I took one last look at the Empire State Building – majestic on it's street in New York. Now devoid of activity – it was silent and doomed. The atmosphere was tense, nerves frayed as someone hissed a warning not to speak.
The experts put the finished touches to their strategically placed explosive charges and there was an air of conspiracy; much rode on this moment and as the countdown continued relentlessly, there was no turning back.
Soon we would know if the weeks of elaborate preparation were going to pay off.
Suddenly there was an ear-splitting explosion and I watched in fascination as the world-famous triumph of architecture disintegrated into a million fragments and was gone forever. We all heaved a sigh of relief: Mission Accomplished. All we had to do now was to cut and print. It was true, we had blown up the Empire State Building: perfect in every detail, a work of art, but only 18 inches high! This was, of course, a scene from one of the Thunderbirds episodes.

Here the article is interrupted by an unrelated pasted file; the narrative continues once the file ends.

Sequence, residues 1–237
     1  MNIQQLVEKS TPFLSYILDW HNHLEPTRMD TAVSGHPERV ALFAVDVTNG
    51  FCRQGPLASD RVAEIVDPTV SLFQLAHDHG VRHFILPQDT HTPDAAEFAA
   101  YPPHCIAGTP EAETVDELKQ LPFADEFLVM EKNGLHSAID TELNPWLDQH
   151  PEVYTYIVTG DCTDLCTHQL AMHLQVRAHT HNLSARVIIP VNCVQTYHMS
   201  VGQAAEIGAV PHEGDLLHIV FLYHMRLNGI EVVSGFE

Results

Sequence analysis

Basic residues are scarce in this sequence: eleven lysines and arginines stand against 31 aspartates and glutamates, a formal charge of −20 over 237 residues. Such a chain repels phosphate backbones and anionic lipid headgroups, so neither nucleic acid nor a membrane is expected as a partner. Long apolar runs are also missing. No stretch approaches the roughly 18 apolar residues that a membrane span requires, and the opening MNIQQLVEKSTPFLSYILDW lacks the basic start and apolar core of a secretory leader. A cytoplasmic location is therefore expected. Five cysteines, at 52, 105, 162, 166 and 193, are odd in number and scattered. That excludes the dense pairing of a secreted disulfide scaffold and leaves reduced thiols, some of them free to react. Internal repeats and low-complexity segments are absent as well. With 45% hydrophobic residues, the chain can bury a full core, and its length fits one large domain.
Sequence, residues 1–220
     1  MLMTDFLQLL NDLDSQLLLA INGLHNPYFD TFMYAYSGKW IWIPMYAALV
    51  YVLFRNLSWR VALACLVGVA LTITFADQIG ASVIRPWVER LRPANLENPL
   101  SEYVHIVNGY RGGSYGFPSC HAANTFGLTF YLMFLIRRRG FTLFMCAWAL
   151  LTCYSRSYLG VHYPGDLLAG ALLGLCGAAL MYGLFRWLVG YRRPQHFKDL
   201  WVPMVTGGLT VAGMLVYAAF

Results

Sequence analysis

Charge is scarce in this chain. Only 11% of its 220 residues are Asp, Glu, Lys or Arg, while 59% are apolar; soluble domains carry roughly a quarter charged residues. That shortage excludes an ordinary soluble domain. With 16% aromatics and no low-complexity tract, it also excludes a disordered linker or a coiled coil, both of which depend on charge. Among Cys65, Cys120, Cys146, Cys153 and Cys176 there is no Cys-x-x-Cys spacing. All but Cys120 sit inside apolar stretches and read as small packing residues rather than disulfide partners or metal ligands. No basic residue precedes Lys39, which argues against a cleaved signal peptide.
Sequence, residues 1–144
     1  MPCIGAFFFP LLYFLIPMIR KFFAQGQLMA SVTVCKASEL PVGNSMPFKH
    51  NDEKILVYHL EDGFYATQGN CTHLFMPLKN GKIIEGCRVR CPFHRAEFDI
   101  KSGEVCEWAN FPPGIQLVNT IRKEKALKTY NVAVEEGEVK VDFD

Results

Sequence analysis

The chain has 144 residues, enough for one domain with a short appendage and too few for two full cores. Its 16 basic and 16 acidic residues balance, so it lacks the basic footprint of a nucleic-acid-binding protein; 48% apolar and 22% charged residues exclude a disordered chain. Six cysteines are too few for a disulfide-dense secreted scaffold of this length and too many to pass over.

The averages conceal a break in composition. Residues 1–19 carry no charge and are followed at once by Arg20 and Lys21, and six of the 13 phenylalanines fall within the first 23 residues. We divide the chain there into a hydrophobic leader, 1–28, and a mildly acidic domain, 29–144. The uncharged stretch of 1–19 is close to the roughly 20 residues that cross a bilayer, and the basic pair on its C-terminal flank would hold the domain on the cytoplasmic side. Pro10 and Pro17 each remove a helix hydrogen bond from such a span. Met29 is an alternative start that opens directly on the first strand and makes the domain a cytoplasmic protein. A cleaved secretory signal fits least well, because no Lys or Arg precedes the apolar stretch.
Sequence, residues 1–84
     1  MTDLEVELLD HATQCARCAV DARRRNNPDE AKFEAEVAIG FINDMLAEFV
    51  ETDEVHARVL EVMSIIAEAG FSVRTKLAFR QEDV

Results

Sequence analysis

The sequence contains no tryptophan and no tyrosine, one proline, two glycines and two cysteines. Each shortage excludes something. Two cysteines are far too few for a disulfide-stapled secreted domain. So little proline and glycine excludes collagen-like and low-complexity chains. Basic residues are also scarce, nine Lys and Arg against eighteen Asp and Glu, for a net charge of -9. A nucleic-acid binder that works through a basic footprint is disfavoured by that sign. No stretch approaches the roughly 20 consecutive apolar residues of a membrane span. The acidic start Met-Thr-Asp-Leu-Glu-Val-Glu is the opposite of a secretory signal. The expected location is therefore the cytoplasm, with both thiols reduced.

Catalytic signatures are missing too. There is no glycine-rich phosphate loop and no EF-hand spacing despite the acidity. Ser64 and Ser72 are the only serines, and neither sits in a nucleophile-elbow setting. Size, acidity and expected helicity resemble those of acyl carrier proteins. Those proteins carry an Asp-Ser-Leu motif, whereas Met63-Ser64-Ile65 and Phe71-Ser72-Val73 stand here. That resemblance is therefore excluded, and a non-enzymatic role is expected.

In our miniature world just about anything could happen and usually did, both in front and behind the camera. Little did we know that our fiction would become fact with the events of 9/11, some 40 years later.